Speedy snapshots captured using laser light.
A team of physicists has built the world's fastest camera using off-the-shelf electronics from the fibre-optics industry.
The camera technique, known as serial time-encoded amplified microscopy (STEAM), can take an image every 163 nanoseconds — a rate roughly six times as fast as the best digital video cameras on the market. Although its current resolution is only about 2,500 pixels, that can probably be improved, says Keisuke Goda, a researcher at the University of California, Los Angeles, and one of the authors on the paper, which appears today in Nature1.
The camera could be used for studies of combustion, laser cutting and any system that changes quickly and unpredictably. "I would imagine that STEAM would be useful for any scientist," Goda says.
The trouble with chips
Conventional digital cameras use charge-coupled devices (CCDs) to take a picture. The devices contain semiconducting chips that that produce electrons in response to light. The electrons are read off the chip and their signals are then electronically amplified and encoded as a digital image.
All this processing takes time. A conventional digital camera can only take images at the rate of about 30 frames per second, and even the best devices can only image about a million frames per second. Above those speeds, lack of light and electronic noise make images blurry and dim, Goda says.
STEAM gets around these problems by reducing a 2-D image into a stream of light. First, researchers spread pulses of light from an infrared laser to form a spectral pattern. They then shine this light onto the object they want to photograph. This means that different parts of the object are illuminated by different wavelengths of light. The reflected light is fed through a special fibre-optic cable that makes different wavelengths travel at different speeds. Longer wavelengths move to the front of the line, while shorter ones fall to the rear. The stream of light is amplified and then read out by a single photodetector (see video). By recording the times at which different wavelengths arrive, the researchers can reconstruct an image of whatever was illuminated by the spectral pattern.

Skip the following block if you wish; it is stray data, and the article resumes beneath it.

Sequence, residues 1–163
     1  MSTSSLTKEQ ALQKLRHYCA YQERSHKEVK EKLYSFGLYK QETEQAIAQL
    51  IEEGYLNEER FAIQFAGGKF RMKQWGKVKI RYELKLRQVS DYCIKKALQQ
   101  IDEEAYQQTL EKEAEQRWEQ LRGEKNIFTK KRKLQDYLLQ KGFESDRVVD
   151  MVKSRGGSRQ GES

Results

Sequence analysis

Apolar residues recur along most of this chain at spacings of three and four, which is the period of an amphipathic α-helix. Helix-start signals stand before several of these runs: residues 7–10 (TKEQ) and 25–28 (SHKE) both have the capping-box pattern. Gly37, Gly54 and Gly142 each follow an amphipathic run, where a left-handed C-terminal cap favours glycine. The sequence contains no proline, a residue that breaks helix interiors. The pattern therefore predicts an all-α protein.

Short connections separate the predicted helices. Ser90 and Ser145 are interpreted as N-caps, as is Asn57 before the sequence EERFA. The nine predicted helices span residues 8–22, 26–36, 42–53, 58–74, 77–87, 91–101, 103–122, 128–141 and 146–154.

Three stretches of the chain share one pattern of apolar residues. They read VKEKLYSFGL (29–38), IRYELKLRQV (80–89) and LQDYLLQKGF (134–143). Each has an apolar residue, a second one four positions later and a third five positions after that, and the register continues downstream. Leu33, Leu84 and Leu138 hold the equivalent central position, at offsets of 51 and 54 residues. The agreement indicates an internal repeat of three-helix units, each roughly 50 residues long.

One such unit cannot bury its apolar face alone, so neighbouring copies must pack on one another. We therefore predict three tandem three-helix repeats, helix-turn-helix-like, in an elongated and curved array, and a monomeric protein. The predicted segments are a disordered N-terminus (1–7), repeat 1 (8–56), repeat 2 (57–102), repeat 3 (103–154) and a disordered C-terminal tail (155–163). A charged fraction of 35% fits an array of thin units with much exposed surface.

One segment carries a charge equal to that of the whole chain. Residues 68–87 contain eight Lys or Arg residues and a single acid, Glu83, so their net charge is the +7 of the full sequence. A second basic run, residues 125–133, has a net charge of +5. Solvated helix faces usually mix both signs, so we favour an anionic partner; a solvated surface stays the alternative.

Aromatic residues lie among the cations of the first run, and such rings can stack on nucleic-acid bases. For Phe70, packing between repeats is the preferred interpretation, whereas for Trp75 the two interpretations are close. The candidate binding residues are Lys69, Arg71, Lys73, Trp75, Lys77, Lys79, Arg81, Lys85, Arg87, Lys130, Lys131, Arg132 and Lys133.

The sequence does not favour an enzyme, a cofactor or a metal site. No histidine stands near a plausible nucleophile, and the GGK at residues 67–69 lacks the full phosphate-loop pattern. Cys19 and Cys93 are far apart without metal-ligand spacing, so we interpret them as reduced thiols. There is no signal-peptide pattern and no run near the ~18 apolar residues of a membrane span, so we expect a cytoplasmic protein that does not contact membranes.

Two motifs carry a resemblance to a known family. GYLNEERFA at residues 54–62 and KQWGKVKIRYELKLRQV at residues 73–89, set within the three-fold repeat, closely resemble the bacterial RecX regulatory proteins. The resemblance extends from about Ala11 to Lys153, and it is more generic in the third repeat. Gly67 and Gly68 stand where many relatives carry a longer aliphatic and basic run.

One dimension better than two
The system can beat a CCD camera because the electronics processing is much simpler, Goda says. Rather than reading out from millions of pixels, the STEAM camera's electronics need only worry about the signal from its single photodetector. That allows it to read out images far quicker than a normal camera can.
Goda and his colleagues used their camera to image minute spheres flowing along a thin tube of water in a microfluidic device. Using the STEAM camera they were able to image the spheres at a frame rate of 6.1 megahertz — in other words, the camera took a picture once every 163 nanoseconds.
The STEAM technique is impressive because it uses equipment that's commercially available to do something new, says John Dudley, a physicist at the University of Franche-Comté in Besançon, France. "What they're doing is taking advantage of the fact that high-quality optical components are available off the shelf," he says. "It's elegance in the finest sense of the word."
Dudley believes that, with further development, the camera could be used for studies of combustion and laser cutting — two industrial processes that are not well understood.
First, the resolution of the camera will have to be improved. At present it is a thousand times lower than that of most mobile phone cameras. Goda says that switching from infrared to shorter-wavelength light should allow them to dramatically increase their performance. "At this stage, it's still a proof-of-principle demonstration," he says.
Goda, K., Tsia, K. K. & Jalali, B. Nature 458, 1145–1149 (2009).